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Nonprofits tackling local food insecurity face funding, public perception challenges

The Pantry kalihi
Jackie Young
/
HPR
The Pantry’s 13,000-square-foot warehouse. Although it looks like a lot, the entire warehouse will only last them two weeks, if not replenished.

Nonprofits that distribute food to the needy say that as the pandemic slows, some groups show a consistent need. But the government and private funding that has helped fill that need seems to be going away.

The nonprofit group Feeding Hawaiʻi Together was founded by Charlie and Diana Lorenz nearly 30 years ago in Kakaʻako. But in 2017 they lost their lease.

The organization spent more than 3 years scrounging for grant funding for warehouse space close to town, in order to serve the need in metro Honolulu.

Executive Director Jennine Sullivan in front of The Pantry
Jackie Young
/
HPR
Executive Director Jennine Sullivan in front of The Pantry on Rose Street in Kalihi.

In 2020, it was able to reopen in a renovated 13,000-square-foot warehouse in Kalihi — which it now owns — and rebranded as The Pantry by Feeding Hawaiʻi Together. But it wasn’t easy.

“Looking for a warehouse space was incredibly difficult, in that we’re a very small organization with a very limited amount of funds, and so looking for a warehouse space that would enable us to continue to have that sort of self-service shopping for food was a difficult endeavor. And then once we found this location, we had to go find a grant that would support it," Executive Director Jennine Sullivan said.

Down the street at the 126-year-old Pālama Settlement, Executive Director Sam Aiona said that the biggest challenge to obtaining funding is competition from other nonprofits.

Sullivan said they also have to cope with inflation, the lack of further pandemic funding, and a lack of public awareness.

Do you see there's going to be a lack of public funding?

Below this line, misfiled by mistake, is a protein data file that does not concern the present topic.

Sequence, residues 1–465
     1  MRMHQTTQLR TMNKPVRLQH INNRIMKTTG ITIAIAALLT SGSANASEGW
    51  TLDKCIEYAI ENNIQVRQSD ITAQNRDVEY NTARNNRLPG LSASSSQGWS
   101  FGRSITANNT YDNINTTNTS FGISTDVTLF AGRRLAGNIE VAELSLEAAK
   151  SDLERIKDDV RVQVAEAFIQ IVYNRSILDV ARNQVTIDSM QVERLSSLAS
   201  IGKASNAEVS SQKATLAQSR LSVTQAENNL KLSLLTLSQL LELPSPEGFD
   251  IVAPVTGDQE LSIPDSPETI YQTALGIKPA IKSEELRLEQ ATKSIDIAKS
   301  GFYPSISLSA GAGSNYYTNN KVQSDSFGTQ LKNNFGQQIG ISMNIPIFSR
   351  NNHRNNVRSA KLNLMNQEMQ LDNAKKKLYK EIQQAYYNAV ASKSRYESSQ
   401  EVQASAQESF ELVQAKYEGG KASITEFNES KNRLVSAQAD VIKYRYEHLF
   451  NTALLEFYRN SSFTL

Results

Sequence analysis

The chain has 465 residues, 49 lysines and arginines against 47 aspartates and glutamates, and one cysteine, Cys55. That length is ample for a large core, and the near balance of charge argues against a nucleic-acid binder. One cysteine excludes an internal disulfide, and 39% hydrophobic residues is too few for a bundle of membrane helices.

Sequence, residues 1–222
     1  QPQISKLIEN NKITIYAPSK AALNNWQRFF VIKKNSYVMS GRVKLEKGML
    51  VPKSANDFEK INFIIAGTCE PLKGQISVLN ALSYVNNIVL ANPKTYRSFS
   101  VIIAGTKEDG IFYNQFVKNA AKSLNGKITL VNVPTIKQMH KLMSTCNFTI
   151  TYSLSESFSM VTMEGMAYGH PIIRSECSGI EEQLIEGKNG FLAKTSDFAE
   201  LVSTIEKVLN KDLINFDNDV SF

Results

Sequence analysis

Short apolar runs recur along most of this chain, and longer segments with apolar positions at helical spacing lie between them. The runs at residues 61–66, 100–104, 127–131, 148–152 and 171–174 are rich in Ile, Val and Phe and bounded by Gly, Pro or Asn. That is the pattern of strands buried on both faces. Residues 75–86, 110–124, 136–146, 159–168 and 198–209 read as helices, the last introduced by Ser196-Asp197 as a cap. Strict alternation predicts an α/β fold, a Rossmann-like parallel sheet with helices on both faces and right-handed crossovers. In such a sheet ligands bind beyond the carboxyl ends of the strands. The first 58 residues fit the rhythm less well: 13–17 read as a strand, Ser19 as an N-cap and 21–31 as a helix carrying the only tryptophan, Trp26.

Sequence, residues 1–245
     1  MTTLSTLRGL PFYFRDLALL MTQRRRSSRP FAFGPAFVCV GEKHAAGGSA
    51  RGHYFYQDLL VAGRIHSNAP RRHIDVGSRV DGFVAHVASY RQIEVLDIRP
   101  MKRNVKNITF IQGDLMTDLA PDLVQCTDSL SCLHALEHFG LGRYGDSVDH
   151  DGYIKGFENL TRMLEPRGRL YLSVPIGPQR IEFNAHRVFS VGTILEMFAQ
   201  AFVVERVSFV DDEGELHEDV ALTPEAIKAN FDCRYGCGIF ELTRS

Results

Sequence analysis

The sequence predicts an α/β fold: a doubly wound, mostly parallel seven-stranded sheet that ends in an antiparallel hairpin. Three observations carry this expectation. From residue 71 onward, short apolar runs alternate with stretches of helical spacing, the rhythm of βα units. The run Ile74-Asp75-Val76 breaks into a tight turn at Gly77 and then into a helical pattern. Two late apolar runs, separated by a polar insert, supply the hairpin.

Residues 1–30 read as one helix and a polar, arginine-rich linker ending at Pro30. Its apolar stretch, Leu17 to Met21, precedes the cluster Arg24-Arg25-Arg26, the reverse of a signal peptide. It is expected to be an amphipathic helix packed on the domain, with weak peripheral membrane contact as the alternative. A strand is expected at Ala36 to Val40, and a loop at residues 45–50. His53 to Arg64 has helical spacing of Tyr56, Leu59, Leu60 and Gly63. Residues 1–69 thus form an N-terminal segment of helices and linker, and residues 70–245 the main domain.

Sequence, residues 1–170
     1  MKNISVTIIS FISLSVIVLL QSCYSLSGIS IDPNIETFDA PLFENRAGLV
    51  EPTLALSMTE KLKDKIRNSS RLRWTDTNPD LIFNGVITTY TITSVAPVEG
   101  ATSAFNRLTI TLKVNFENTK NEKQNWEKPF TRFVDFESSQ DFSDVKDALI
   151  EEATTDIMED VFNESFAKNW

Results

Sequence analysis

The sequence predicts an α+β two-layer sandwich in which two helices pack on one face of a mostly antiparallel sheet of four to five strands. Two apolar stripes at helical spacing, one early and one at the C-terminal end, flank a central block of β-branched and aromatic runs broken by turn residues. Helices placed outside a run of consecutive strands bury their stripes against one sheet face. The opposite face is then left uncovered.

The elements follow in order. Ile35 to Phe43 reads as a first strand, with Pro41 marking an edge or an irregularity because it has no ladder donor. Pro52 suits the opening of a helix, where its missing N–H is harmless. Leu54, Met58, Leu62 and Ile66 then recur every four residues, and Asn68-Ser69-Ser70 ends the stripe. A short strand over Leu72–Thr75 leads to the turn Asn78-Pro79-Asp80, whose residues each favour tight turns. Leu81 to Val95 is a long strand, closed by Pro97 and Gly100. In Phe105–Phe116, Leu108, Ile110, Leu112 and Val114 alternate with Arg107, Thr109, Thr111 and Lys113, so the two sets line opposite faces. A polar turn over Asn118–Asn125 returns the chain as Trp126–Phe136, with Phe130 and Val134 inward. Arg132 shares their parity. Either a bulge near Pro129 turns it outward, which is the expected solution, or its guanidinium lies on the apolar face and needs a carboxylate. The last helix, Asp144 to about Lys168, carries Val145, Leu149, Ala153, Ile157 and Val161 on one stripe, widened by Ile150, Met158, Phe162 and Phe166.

“Absolutely. Unfortunately, I think one of the big challenges that we face is the lack of public awareness and/or perception of the food insecurity problem. Aloha United Way came out with their midterm report that said 58% of Hawaiʻi families are considered ALICE — which means they don’t have enough money to make ends meet, which is up 10% from the prior year when they said that 48% of Hawaiʻi’s families were food insecure," Sullivan said. "And so the need is rising.”

The Pantry Kalihi walk up
Jackie Young
/
HPR
Clients without cars are also able just to walk up and pick up their online orders.

During the height of the pandemic, The Pantry served 650 families in just four hours. Now, the numbers have settled down to 11,000 individuals, or 4,000 families a month.

But Sullivan said three consistent groups continue to show up: kūpuna, people with disabilities, and those considered ALICE, meaning asset-limited, income-constrained, and employed.

“The people that we’re supporting, they’re not emergency food support. These are long-term, structural families that are unable to afford Hawaiʻi’s high cost of living," she told HPR.

In our final report on Friday, we'll see what the need is like at nearby Pālama Settlement, and what the future holds for those who are food-insecure.

Take a look back at part one to learn how The Pantry provides a lifeline for people like 70-year-old Remedios Butac of Salt Lake. Part three takes us to Palama Settlement in Kalihi.

Jackie Young is the local host of Weekend Edition.
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